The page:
Wednesday, May 20, 2015

Dave Ramsey Luncheon

Jeff Burr had the pleasure of sitting with talk show host Dave Ramsey during his luncheon held on May 7, 2015 at Brio at Town Square.  The firm was also one of the sponsors of the luncheon and want to thank Mr. Ramsey for a fantastic event.

Wednesday, May 13, 2015

Donor Advised Funds: A Flexible Approach to Charitable Giving

Donor-Advised Funds (“DAFs”) have become one of the most popular charitable giving vehicles in the United States over recent years due to the simple, powerful, and highly personal approach to giving they make possible.
DAFs are basically accounts set up at a financial institution or charity that allows donors to make a grant and receive an immediate tax benefit in the form of an income tax deduction.  Once the fund is set up with you as the advisor, the contribution is placed into an account where it can be invested and grow tax free. At any time thereafter you can select the legally recognized charities to make grants and contributions to.
Several other benefits of a DAF include:

·         Little or no initial costs, start up fees and costs are often covered by the sponsoring organization and the fund can be established immediately.

·         The tax deduction limit is fifty percent (50%) of adjusted gross income, as opposed to only thirty percent (30%) for private foundations.

·         All annual tax reporting is handled by the Donor Advised Fund, there is nothing for the individual to report.

·         The valuation of the gift is generally fair market value.

·         You as the donor may recommend grants and investments, however the DAF sponsor or fund administrator has legal control and makes all the final decisions.

·         There is no minimum required payout per year, as opposed to the minimum five percent (5%) required payout per year for private foundations.

·         Donors may name advisors to recommend grants and investments and successors to those advisors.

If you are interested in creating a Donor Advised Fund or have other questions about maximizing your charitable giving, please feel free to contact our office.

Wednesday, April 29, 2015

AFRs for May 2015

The AFRs Annual Semi-annual Quarterly Monthly
are as follows
Short-term 0.43% 0.43% 0.43% 0.43%
Mid-term 1.53% 1.52% 1.52% 1.52%
Long-term 2.30% 2.29% 2.28% 2.28%

Wednesday, April 22, 2015

Confidentiality-Another Reason For Avoiding Probate Via a Revocable Trust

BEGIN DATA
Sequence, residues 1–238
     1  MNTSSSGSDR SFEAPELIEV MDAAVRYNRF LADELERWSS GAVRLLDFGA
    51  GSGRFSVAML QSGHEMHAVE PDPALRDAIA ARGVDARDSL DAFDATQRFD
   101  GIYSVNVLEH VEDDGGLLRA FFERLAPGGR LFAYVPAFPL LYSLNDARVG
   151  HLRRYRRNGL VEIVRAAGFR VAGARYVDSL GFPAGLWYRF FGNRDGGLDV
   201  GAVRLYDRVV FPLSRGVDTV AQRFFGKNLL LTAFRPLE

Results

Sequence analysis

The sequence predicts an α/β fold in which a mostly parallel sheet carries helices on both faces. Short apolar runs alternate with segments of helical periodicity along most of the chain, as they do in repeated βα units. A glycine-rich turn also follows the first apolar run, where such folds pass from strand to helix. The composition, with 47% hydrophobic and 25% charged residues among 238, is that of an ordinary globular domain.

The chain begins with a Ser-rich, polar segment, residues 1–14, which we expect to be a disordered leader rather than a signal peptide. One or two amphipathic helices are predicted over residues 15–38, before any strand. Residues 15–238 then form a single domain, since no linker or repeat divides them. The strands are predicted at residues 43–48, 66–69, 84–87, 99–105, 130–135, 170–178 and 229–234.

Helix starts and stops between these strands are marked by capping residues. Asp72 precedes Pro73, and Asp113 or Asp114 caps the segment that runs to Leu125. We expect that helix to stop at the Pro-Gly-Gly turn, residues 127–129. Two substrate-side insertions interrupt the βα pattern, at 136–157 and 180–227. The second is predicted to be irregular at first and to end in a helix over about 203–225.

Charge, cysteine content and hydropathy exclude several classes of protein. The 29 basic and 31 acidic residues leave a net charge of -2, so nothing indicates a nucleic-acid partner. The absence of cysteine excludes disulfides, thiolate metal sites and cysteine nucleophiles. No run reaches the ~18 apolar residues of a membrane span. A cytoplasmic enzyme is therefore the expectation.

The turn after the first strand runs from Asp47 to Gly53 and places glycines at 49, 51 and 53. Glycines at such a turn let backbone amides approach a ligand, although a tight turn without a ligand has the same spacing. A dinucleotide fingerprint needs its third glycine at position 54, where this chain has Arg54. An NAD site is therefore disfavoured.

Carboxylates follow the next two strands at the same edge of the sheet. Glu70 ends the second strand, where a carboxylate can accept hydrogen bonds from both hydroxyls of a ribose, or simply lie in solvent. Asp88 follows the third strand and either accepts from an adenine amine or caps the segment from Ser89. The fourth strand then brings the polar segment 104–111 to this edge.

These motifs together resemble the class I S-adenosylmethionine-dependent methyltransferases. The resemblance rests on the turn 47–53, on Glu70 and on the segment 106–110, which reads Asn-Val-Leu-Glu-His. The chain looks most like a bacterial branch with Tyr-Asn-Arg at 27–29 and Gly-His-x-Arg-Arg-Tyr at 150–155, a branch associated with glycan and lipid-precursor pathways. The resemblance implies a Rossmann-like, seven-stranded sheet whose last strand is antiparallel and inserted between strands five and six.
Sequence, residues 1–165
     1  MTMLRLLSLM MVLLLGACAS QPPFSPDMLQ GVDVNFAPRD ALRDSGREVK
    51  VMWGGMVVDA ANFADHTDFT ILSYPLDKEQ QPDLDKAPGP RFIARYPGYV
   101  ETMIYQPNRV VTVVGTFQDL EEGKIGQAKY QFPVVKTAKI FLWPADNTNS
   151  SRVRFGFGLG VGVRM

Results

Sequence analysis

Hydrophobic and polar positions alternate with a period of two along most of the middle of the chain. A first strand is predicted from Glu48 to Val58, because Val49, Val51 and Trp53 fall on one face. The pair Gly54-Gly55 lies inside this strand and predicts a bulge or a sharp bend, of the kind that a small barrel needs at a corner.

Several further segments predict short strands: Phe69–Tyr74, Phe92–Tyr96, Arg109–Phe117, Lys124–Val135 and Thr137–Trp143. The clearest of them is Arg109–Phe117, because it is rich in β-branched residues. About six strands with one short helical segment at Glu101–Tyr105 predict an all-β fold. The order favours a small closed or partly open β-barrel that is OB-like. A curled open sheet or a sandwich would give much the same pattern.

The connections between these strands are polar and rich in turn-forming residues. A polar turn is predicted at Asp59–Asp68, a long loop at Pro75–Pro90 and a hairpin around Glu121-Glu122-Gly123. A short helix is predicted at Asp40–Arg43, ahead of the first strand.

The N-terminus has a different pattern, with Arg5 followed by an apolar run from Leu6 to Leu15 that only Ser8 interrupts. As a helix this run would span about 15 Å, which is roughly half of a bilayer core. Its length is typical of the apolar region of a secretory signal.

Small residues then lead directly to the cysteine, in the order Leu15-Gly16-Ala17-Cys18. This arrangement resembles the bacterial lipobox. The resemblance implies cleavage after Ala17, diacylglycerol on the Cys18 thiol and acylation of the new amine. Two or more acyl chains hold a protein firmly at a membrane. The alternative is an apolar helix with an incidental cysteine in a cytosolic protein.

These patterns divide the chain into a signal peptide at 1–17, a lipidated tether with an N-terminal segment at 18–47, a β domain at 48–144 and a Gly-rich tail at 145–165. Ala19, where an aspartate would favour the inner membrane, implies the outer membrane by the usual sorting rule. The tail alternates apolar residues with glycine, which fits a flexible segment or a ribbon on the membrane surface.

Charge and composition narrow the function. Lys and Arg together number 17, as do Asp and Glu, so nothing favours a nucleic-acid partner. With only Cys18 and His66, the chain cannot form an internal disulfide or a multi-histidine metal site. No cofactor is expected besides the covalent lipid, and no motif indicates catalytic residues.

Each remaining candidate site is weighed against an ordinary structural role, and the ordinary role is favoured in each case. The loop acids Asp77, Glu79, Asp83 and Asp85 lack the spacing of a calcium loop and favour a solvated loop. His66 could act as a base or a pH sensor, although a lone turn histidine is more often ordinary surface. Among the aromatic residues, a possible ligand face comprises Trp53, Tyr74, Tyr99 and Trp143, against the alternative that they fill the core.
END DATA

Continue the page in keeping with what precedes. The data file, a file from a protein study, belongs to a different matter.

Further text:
The main component of the estate plan for most people is a revocable living trust that they establish during their lifetime. A properly drawn and funded revocable living trust will enable the surviving spouse and family members to avoid probate, the formal court supervision of an estate proceeding.  The most common reason given for wanting to avoid probate is the cost of a probate proceeding.  Since the court supervises the probate process from start to finish, significant administrative costs and fees are incurred.  These would include fees of the personal representative, fees of the attorney, filing fees and court costs.  However, what, if any, other reasons are there for wanting to avoid probate?

Another major reason to avoid the probate process is confidentiality.  An estate file is a matter of public record.  A review of someone’s estate file will reveal the terms of the Last Will And Testament of the decedent including:

·         who the beneficiaries are (and are not … such as disinherited children),

·         an inventory of the assets and their estimated value on the date of death,

·         any claims of creditors,

·         an accounting of the income and disbursements during administration,

·         the fees of the personal representative and attorney,

·         any litigation contesting the validity of the Will, and

·         the proposed distribution of the estate assets to the beneficiaries, among other information.

Although one can seek an Order sealing an estate file, obtaining such an Order is difficult and is somewhat unusual in estates in recent years.   

Contrast the non-confidentiality of a probate proceeding with the confidentiality of a trust administration.  A court does not supervise a trust administration.  Accordingly, there are no filings with the clerk that become a matter of public record.  Under Nevada law, the Will of a decedent is required to be lodged with the Clerk and becomes a matter of public record; however, the dispositive provisions of a Will in a revocable living trust situation merely provide that any estate asset is “poured over” into the trust. The trust agreement itself is not made a matter of public record.  For a court in Nevada to become involved with a trust administration, the court has to formally agree to assume jurisdiction of a trust via court order.  Courts in Nevada have more than enough to do, and do not want to assume jurisdiction of a trust unless it is absolutely necessary to do so.  Examples of this would be for the court to construe the terms of a trust agreement that are ambiguous and open to more than one interpretation, misconduct by a trustee, and a challenge to the validity of the terms of the trust agreement.

In summary, a primary reason for utilizing a revocable living trust in order to avoid the probate process is to maintain the confidentiality of one’s estate plan.    

-Attorney John R. Mugan


Wednesday, April 8, 2015

Updating your Estate Plan Includes Updating Your Ancillary Documents